PHOENIX (AP) — When my birthday rolled around in June, I had to face the fact that, thanks to COVID-19, I would not be having cake with anyone. Yet I went ahead and made the cake I really wanted — a three-layer, naked strawberry chamomile cake.
The whole time though, I asked myself: Why was I going to the trouble? Why did I buy a box of chamomile teabags to steep in cream for that perfect filling? Why did I feel the ridiculous need to find edible flowers for cake decorations? The only one who would be physically in the room was the dog. And Penny doesn’t care how a cake tastes, let alone how it looks.
One of the great byproducts of this pandemic has been the number of people who suddenly discovered the star baker hiding inside of them. For me, it has been the opposite.
Coronavirus snuffed out what I most enjoy about baking — the sharing. Baking is as much a part of my identity as reporting. It’s a currency I playfully barter with. It’s how I show my sincerest appreciation. It’s how I make friends in my community.
Every few months, I knock on the door of the Phoenix Fire Department station down the street from my home to offer homemade cupcakes or cookies. Sometimes it’s a quick drop-off. Other times, it turns into a chat and a chance for me to ask them about their work. But it’s been routine enough that there’s at least one or two people on each crew who know me.
Now, there’s a sign on the door that says “closed for public entry.” And of course, I wouldn’t attempt to give them anything even if I had worn the world’s best PPE in the kitchen.
I also like to bring cupcakes to the staff at the place where I get my massages as a thank you. But I know they couldn’t accept them, and I’m still too nervous to get a massage.
Knowing I will likely be working from home for the rest of the year, I can’t help but feel sad at the traditions I will miss bringing to my newsroom.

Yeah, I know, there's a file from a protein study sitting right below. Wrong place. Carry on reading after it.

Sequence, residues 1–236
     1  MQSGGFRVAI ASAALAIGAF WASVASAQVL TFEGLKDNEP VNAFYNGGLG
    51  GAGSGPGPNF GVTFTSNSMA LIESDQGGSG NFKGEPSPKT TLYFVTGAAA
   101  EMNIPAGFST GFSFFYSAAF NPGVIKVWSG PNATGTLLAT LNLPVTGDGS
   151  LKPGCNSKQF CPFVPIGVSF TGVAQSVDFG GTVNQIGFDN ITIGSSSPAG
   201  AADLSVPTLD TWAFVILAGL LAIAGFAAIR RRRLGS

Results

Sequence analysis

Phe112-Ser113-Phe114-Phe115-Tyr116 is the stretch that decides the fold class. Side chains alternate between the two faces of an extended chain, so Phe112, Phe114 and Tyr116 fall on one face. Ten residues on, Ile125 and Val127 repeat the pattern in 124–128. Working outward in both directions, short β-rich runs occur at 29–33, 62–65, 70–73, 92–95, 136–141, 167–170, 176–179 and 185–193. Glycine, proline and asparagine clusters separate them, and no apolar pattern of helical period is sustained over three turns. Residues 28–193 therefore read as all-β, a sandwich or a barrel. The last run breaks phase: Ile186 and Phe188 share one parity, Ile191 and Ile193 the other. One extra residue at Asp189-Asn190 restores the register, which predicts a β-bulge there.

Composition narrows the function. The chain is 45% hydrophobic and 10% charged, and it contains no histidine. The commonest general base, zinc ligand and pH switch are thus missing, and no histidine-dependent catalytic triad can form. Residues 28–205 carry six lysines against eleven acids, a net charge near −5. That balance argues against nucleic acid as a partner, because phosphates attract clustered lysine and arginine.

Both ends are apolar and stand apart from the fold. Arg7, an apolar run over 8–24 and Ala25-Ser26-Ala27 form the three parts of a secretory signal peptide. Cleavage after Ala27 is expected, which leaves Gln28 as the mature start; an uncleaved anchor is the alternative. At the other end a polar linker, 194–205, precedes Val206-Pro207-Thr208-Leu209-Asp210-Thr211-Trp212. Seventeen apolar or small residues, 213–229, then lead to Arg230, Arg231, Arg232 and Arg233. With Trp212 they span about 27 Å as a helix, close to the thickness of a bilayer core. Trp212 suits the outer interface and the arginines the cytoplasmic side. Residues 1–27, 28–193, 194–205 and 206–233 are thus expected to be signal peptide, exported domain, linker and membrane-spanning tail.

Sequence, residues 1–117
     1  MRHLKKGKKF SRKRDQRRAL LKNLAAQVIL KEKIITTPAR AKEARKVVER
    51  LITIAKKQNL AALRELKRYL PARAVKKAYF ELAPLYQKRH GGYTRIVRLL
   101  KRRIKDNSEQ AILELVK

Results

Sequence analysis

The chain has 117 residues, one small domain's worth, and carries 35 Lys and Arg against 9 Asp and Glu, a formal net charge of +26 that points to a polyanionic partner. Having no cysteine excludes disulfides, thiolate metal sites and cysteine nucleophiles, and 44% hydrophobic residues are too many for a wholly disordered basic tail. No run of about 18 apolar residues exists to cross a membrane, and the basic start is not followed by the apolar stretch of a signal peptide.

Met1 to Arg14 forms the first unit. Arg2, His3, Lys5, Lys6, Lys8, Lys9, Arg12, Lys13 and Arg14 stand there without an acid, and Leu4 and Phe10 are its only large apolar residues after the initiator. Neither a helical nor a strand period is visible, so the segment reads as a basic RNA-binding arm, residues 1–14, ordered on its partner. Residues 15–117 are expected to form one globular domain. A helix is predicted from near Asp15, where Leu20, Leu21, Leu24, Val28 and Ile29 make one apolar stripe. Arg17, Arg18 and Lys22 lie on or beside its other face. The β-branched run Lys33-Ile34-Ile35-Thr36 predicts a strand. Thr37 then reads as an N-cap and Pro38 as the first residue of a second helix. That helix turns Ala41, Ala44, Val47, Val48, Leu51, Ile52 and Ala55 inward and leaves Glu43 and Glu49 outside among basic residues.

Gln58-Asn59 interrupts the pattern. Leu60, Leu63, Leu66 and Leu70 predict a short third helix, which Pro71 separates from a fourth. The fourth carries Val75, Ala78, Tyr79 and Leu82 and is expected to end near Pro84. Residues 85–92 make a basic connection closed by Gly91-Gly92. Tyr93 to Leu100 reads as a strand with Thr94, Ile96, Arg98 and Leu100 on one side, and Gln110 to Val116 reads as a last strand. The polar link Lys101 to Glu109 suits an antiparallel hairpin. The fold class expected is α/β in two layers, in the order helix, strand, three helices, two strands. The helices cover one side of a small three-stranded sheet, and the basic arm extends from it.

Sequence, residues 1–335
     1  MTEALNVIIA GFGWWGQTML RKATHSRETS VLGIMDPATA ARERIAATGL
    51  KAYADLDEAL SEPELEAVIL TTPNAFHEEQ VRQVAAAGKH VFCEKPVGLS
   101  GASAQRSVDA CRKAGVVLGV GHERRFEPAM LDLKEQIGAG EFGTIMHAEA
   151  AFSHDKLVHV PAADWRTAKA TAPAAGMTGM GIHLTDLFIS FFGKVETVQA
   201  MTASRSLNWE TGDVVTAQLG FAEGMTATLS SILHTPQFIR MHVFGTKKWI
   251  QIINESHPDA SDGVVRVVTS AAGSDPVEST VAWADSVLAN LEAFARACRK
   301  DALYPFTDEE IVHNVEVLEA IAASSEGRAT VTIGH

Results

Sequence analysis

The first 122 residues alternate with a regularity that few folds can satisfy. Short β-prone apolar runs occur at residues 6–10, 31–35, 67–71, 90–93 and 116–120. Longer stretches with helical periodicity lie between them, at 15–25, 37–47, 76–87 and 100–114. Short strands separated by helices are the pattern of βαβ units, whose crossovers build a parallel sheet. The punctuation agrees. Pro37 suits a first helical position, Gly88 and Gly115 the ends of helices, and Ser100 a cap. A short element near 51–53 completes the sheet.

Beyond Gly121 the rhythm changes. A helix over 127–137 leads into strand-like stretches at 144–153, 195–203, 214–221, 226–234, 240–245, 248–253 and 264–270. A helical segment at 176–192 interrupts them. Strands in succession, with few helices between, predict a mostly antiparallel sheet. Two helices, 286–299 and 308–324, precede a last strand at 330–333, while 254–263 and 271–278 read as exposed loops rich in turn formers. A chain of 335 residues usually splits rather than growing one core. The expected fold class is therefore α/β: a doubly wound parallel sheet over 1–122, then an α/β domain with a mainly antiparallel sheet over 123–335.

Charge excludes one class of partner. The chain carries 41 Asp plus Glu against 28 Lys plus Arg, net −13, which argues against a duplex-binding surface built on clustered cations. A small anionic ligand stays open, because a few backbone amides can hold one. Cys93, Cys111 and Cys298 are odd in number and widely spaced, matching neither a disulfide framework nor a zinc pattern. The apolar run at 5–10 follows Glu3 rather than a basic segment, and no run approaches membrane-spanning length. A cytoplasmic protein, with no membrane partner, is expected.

At Halloween, I won’t be making dark chocolate cupcakes with candy-melt spider webs. And I won’t get to serve them in my spooky, eight-legged cupcake holders.
When election night arrives in November, I’m not going to show up with sugar cookies shaped like the United States and slathered with red and blue frosting (I make sure that even the baked goods can’t be accused of media bias).
As for my birthday cake, I did parade it on a Zoom call with my family, who are all in the San Francisco Bay area. But then it became like one of those “mukbang” videos — the South Korean-grown trend of livestreaming oneself gorging on large amounts of food. Everyone was yelling “eat it” and requesting that I describe how it tasted. Not the birthday party I pictured.
There was one bright spot. I did end up finding a few friends who were willing to take some cake off my hands. It was too hot to eat outside with any of them, so I donned gloves to package each piece. I either placed it in front of their door like a hotel bellhop or quickly passed it to them like it was a hot potato.
Instead of watching their reactions when they ate my cake (half the fun for a baker), I got told how good it tasted via text.
I know this is trivial compared to what other people are going through because of COVID-19. But I am looking forward to a time when I can, in my own way, make life a little sweeter once again.
Virus Diary, an occasional feature, showcases the coronavirus pandemic through the eyes of Associated Press journalists around the world. Terry Tang is a member of the AP’s Race and Ethnicity team. Follow her on Twitter at https://twitter.com/ttangAP